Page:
Situated in the southwest near the Haitian border, Sierra de Bahoruco National Park is 320 square miles and has 49 bird and 166 orchid species. This national park is an example of climatic stability in the arid southwestern portion of Hispaniola. Vegetation here ranges from the dry forest at sea level to the wet forest in the central part of the park.
Birds include the common bobwhite, stolid flycatcher, Hispaniolan lizard cuckoo and the white-necked crow, which is extinct in Puerto Rico.

Laguna Rincon National Reserve
Also called the de Cabral Scientific Reserve, the lagoon area is located at the eastern end of the Neiba Valley, in the dry southwestern part of the country. It's the second-largest lagoon in the Dominican Republic with the largest spot of fresh water in inland Dominican. Here you'll find the largest population of endemic freshwater turtles (Chrysemys decorata) called sliders. Thousands of migratory birds from North America touch down here, and many kinds of shallow-water wading birds make the lagoon their home. The life zone of the reserve is classified as subtropical dry forest, and is called "home" by reptiles like the rhinocerous iguana (Cyclura cornuta); lizards Anolis spp., Ameiva spp. and others; snakes (Epicrates spp., Uromacer catesbyi y others); as well as amphibions, like Bufo marinus, Pelthophryne guntheri, Eleutherodactylus pictissimus apantheatus and Osteopilus dominicensis.

Sierra de Neyba National Park
The Sierra de Neyba National Park, created by presidential decree in 1995, is characterized by an extensive chain of mountains reaching up to 2,176 meters, and divided by a deep valleys, terraces, and depressions with challenging accessibility. Geological formation is principally limestone resulting in few superficial rivers due to the rapid rate of filtration. Climactic zones range from cloud forest, humiforest, semi-humiforest (possibly guarding the country's largest quantity of Mahogany-Swietenia mahagoni, dry forest (26%), pine forest (1%).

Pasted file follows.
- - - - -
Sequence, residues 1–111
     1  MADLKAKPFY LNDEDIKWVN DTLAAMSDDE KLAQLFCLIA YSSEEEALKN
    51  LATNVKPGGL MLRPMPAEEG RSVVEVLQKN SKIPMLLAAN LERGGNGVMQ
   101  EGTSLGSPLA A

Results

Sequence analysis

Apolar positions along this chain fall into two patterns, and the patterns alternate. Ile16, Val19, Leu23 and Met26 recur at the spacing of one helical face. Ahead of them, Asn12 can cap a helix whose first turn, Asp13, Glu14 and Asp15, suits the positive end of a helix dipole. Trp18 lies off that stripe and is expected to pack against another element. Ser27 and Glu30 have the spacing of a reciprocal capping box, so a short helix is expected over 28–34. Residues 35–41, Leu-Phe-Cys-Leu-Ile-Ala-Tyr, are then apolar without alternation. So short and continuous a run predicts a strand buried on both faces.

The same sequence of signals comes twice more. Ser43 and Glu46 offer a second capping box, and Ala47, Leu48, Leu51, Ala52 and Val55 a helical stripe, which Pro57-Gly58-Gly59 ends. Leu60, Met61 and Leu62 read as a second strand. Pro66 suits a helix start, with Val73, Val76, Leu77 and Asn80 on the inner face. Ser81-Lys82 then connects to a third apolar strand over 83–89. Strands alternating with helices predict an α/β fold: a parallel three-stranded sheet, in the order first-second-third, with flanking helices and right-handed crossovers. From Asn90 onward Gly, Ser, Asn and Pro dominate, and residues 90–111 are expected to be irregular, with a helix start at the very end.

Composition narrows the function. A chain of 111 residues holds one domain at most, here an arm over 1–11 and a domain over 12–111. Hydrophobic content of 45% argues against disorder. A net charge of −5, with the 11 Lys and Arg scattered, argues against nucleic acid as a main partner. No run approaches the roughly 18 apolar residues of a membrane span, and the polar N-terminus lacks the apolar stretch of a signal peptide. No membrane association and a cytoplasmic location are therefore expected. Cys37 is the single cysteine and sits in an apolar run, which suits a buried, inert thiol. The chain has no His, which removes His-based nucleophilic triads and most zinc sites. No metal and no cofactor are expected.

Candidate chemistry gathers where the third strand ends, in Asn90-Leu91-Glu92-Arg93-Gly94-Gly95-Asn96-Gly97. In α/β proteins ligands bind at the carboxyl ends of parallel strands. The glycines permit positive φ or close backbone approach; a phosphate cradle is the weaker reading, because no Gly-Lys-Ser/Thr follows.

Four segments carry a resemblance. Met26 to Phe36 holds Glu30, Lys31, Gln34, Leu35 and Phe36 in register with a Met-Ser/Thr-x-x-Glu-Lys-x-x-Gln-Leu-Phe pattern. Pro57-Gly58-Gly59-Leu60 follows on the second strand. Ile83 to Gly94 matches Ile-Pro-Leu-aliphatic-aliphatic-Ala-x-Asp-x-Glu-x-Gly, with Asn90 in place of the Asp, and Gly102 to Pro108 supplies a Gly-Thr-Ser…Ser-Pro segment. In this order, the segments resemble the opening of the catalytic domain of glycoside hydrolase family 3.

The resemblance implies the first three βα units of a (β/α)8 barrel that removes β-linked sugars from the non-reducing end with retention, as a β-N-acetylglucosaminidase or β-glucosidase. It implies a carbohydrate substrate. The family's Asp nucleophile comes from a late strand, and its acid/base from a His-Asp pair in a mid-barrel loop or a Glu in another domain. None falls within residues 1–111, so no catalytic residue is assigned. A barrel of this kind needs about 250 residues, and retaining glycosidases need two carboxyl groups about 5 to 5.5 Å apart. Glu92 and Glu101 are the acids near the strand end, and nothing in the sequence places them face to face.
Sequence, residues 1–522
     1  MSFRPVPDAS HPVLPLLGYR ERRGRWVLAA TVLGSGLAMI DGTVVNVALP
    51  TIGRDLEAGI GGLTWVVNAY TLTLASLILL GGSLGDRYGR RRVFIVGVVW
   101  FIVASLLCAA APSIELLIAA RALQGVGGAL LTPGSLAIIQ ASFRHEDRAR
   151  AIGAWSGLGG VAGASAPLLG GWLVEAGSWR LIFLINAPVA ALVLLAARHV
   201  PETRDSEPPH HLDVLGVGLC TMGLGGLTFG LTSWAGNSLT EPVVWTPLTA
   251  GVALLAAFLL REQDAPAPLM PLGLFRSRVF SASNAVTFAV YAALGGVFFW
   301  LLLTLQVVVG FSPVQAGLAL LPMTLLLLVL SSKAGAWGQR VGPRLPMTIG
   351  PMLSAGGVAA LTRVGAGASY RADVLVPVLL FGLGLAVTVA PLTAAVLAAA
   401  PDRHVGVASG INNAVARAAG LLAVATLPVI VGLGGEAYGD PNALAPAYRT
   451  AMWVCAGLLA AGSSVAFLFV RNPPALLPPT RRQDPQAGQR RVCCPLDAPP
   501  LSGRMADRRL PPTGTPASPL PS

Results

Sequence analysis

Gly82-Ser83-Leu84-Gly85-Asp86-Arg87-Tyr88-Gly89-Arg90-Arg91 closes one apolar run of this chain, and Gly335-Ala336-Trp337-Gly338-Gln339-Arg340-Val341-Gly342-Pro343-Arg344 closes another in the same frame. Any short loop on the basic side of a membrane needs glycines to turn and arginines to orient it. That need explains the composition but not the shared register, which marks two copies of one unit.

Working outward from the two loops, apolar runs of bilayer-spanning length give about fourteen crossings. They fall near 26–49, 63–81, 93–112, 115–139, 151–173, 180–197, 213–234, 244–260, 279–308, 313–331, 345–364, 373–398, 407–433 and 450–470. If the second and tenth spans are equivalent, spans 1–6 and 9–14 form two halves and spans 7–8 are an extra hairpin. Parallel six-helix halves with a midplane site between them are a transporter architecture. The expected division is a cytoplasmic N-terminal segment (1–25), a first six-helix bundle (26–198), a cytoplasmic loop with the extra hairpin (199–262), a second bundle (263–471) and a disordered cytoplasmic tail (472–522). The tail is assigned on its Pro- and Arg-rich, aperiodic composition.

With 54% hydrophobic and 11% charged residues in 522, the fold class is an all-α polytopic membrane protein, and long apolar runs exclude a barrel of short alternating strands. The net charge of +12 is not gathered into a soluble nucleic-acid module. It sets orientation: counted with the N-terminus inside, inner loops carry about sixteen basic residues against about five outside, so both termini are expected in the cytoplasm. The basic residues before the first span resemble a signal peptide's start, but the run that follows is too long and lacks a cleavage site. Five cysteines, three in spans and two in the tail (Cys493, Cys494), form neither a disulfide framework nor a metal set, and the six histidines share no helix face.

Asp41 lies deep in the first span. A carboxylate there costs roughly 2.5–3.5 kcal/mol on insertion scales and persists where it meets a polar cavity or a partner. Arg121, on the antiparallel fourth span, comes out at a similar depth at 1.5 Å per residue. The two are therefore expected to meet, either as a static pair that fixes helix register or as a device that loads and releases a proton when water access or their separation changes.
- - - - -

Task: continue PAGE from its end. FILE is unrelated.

Fauna includes 11 country endemic species of amphibians (2 endemic to the region-frogs: Eleutherodactylus notitode y E. parabates), 39 species of reptiles (98% endemic), and 85 species of birds (17 endemic to the island). Mammals of greatest interest are the jutia (Plagiodontia aedium) and solenadon (Solenodon paradoxus), the latter possibly extinct.

Sierra Martin Garcia National Park
Located in the Azua and Barahona provinces, the Sierra Martin Garcia National Park begins in the Bahia de Neyba and covers approximately 190 square miles reaching elevations of 1,343 meters. Flora is delianted in 4 life zones: subtropical mountain forest, subtropical dry forest, subtropical humiforest, and low mountain subtropical humiforest. The four types of mangrove forests found in the DR are all found within the park: red mangrove (Rhizophora mangle), black mangrove (Avicennia germinans), white mangrove (Laguncularia racemosa) and button mangrove (Conocarpus erecta). A wide variety of cacti are also found here including Consolea moniliformis, Lemaireocereus hystrix, and Neoabbottia paniculata. 67 species of birds are found with in the park, 14 migratory and the rest native, including 11 endemic species. 25 species of reptiles, 6 amphibians, an interesting specie of blind snake, Typhlops sulcata, and the Dominican boas Epicrates fordi, E. gracilis y E. stucatus) reside within the boundaries of the park

Much of the Caribbean's ancient history is preserved in untouched condition along the Barreras creek within the park. An abundance of perfect plant fossils can be found that have yet to be studied. Nearby, the ancient "Paleo-indo de Barreras" is the site of the regions oldest indigenous settlement dating 2,590 B.C.

Proximate International Airport:

Las Americas International Airport (SDQ), Santo Domingo

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Most photos credited to "Open Shirt' Mike Gussak at unkmonk@hotmail.com